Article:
pedal pubs

These megacycles are versions of the kind of bicycle-driven bars a local man hopes to employ along Clearwater Beach.

CLEARWATER — The City Council took another step to allowing megacycle passengers to drink beer and wine along Clearwater Beach.

Mayor George N. Cretekos was the lone “nay” vote on the Jan. 16, 4-1 vote to approve a change to the city’s code regulating alcoholic beverages.

Clay Irwin, the former owner of Lucky Anchor Irish Pub on Cleveland Street, hopes to launch a pedal-pub business in the next month. He apparently convinced the council to let him serve passengers alcohol during a six-month pilot program for the vehicles. Irwin said he was grateful for the permission.

“It’s great that they approved it,” Clayton told the Beacon. “That’s the only way the bikes work.”

Irwin said he is still negotiating with manufacturers to buy the odd-looking bars-on-wheels. Manufactured by companies with names like Pedal Crawler, Cycle Pub and Boozy Bikes, they range in price from $35,000 to more than $70,000 each. The rolling bars come with or without neon lights, have seating for 10 people and more, and are constructed of wood, metal, or other material. Some have ice coolers, wet sinks and trash cans like a regular bar.

Price: $40 a seat

Irwin says he plans to charge $40 a seat on the 16-seat rolling bars, for $640 a trip. The customers could pedal from bar to bar, hitting places like Shephard’s Beach Resort, Frenchy’s South Beach Café, and major hotels, though Irwin has not announced any agreements with businesses yet. The city will also regulate the hours the megacycles can operate; they could run booze-free trips during the day, showing people the sights in downtown, Irwin said.

The council put other limitations on the vehicles: Not only does the megacycle driver have to have a driver’s license, but a monitor must be present on board to supervise passengers. Only beer, wine, and hard cider with alcohol content less than 19 percent can be served. Passengers can drink only while on the cycle pubs. They cannot carry drinks to and from the vehicles; if they do, they are subject to open container fines of $118.

Megacycle passengers must be 21 when alcohol is being consumed; not only that, but all passenger stools must have vertical backs and seatbelts. When passengers younger than 16 are on the megacycles, they must wear helmets, which Irwin — and any other megacycle owner — must provide for free.

Alcohol fuels the business

To start the pilot program, Irwin had to first get the City Council’s permission to run the pedal pubs along the beach, where traffic congestion in the roundabout and elsewhere is a fact of life. The council approved the megacycle program at its Dec. 19 meeting, but without giving Irwin permission to serve beer and wine on the pedal pubs.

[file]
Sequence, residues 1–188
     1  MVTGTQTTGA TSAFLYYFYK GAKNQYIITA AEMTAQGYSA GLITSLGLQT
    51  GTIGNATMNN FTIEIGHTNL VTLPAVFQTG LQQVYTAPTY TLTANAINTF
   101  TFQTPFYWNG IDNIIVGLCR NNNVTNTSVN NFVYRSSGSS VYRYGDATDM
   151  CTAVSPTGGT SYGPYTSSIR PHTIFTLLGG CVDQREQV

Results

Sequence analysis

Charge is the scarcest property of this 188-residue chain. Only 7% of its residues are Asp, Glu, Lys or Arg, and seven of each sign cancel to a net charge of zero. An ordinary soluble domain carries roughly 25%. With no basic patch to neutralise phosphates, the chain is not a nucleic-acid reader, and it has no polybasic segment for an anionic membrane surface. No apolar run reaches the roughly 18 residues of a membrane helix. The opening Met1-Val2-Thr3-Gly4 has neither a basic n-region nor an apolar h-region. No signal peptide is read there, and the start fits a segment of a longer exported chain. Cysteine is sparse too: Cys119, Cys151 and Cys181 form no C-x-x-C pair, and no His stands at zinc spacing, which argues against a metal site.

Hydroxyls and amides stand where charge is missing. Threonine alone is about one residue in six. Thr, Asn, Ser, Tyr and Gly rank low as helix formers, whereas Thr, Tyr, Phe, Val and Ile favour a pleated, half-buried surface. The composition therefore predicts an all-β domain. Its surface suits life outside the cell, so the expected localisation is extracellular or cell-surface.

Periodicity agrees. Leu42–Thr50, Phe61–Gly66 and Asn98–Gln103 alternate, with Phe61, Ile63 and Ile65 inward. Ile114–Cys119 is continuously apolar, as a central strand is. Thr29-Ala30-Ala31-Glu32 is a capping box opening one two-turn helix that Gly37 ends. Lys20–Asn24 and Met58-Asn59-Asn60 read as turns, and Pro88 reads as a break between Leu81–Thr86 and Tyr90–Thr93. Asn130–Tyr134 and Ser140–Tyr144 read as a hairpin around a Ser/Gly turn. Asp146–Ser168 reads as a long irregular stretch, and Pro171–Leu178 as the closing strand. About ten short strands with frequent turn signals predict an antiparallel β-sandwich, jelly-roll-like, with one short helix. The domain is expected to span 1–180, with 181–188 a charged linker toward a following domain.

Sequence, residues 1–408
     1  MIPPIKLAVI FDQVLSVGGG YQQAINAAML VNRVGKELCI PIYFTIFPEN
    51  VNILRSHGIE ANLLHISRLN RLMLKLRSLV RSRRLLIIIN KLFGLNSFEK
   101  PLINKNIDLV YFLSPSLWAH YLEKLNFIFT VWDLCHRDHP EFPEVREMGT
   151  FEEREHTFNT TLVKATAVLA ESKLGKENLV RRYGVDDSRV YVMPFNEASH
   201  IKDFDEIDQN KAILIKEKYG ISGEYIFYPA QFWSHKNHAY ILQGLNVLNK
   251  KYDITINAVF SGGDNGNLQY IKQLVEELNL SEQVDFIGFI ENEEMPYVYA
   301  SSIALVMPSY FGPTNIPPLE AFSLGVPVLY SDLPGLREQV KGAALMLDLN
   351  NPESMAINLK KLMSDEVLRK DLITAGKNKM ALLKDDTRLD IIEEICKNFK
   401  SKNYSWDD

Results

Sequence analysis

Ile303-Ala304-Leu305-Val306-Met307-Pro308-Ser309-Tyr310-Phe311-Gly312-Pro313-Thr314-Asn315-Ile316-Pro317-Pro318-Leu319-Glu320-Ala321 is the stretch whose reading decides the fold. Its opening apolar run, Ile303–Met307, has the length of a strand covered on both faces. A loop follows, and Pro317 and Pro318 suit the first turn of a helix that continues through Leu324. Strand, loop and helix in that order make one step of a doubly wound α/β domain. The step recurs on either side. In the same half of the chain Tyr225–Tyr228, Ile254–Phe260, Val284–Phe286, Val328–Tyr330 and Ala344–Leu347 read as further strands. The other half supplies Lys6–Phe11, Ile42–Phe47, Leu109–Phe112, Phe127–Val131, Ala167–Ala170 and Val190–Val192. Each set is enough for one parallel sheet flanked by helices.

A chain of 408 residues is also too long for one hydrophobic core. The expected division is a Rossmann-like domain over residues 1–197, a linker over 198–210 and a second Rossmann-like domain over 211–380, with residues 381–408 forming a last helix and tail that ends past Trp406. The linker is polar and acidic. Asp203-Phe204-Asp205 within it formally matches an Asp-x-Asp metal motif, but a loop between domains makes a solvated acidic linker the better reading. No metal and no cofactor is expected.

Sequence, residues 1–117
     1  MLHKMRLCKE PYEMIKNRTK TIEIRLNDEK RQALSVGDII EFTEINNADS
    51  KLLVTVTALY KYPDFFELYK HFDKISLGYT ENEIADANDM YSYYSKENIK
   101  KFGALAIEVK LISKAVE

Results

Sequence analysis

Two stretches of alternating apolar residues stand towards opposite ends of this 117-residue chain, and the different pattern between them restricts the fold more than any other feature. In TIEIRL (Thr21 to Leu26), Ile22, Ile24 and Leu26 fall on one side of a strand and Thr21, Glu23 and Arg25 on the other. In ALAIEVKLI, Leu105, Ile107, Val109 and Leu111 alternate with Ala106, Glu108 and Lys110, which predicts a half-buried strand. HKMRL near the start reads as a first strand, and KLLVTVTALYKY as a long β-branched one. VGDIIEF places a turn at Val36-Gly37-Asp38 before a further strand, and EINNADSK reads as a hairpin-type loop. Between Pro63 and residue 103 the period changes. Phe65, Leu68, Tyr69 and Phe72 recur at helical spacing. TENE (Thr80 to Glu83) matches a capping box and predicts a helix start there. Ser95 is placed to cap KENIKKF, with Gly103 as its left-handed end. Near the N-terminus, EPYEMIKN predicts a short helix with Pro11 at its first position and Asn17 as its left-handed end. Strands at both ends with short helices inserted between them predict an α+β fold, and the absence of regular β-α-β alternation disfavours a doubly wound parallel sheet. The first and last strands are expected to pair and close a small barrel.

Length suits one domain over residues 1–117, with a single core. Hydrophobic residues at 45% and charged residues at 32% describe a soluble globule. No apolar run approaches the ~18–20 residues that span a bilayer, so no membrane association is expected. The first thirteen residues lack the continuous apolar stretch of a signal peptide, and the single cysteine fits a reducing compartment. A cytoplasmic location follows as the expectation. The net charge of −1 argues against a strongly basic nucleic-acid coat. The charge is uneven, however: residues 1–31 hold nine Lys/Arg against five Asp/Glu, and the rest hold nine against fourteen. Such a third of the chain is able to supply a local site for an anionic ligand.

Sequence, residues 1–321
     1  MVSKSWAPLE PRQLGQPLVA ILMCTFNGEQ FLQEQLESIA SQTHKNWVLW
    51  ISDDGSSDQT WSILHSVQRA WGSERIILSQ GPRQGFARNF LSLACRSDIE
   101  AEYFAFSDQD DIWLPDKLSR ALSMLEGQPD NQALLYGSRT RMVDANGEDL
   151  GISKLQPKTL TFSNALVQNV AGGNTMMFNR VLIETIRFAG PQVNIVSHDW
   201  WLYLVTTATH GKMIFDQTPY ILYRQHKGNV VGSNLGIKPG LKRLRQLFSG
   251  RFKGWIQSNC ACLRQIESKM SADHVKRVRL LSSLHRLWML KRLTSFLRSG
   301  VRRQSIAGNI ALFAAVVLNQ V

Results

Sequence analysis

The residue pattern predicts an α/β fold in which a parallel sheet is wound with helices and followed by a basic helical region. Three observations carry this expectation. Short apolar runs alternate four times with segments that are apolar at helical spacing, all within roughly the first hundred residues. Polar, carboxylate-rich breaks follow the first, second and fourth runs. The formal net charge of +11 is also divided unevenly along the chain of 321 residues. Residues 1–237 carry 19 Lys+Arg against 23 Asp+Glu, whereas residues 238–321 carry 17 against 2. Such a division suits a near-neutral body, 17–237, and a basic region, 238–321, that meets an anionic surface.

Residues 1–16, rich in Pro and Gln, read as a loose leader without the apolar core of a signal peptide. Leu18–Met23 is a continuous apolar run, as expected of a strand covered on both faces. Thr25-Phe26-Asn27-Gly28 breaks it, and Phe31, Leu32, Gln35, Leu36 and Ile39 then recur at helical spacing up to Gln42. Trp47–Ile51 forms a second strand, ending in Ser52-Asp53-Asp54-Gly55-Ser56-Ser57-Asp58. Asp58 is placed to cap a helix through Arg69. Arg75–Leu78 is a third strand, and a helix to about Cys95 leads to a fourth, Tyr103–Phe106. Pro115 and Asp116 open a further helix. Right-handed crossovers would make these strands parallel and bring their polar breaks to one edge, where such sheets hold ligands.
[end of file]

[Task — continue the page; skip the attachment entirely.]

At that December meeting, Irwin exhorted the council to let him serve alcohol to his pedal pub customers. Irwin told councilmembers he could not run his business without it.

“I did my own survey in the beginning when I first started this venture because I had a feeling it might not go through,” Irwin told the council. “I felt it out about how people would feel about having alcohol and not having alcohol on the megacycles. It wasn’t good. I don’t think I found one person that said, ‘Oh yeah, that wouldn’t bother us at all.’”

Mayor: Honked horns, raised fingers

The council then asked Assistant City Attorney Matt Smith to write the exceptions to city’s open container law that would allow alcohol on pedal pubs. When they returned to work Jan. 16, the council approved the changes on first reading. The council needs one more vote, on second reading, to make it official.

Cretekos voted no after testing how the megacycles, which travel at about 15 mph, will be received by other drivers on Mandalay Avenue and South Gulfview Boulevard, the busy thoroughfares along the beachfront.

“How many of you have driven on Clearwater Beach at 15 mph?” the mayor asked his fellow councilmembers. “I did that in December. I’ve gotten fingers, honked horns, and I’ve had people pass me in no-passing lanes.”

Irwin doesn’t want the council to worry.

“Our pedal pubs won’t mess with traffic,” Irwin told the Beacon. We will just go with the traffic flow.”

Though Irwin is the first to request a pilot program for booze bikes, pedal pubs, megacycles — whatever one calls them — other companies can apply to participate in the pilot program. The council can stop the pilot program at any time should traffic and safety issue arise.